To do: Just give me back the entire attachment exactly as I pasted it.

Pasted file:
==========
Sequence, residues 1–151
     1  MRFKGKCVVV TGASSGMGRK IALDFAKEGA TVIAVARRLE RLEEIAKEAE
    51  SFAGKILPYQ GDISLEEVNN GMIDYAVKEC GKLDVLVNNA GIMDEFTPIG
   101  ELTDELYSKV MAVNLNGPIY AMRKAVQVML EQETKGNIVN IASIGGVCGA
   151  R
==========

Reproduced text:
Sequence, residues 1–151
     1  MRFKGKCVVV TGASSGMGRK IALDFAKEGA TVIAVARRLE RLEEIAKEAE
    51  SFAGKILPYQ GDISLEEVNN GMIDYAVKEC GKLDVLVNNA GIMDEFTPIG
   101  ELTDELYSKV MAVNLNGPIY AMRKAVQVML EQETKGNIVN IASIGGVCGA
   151  R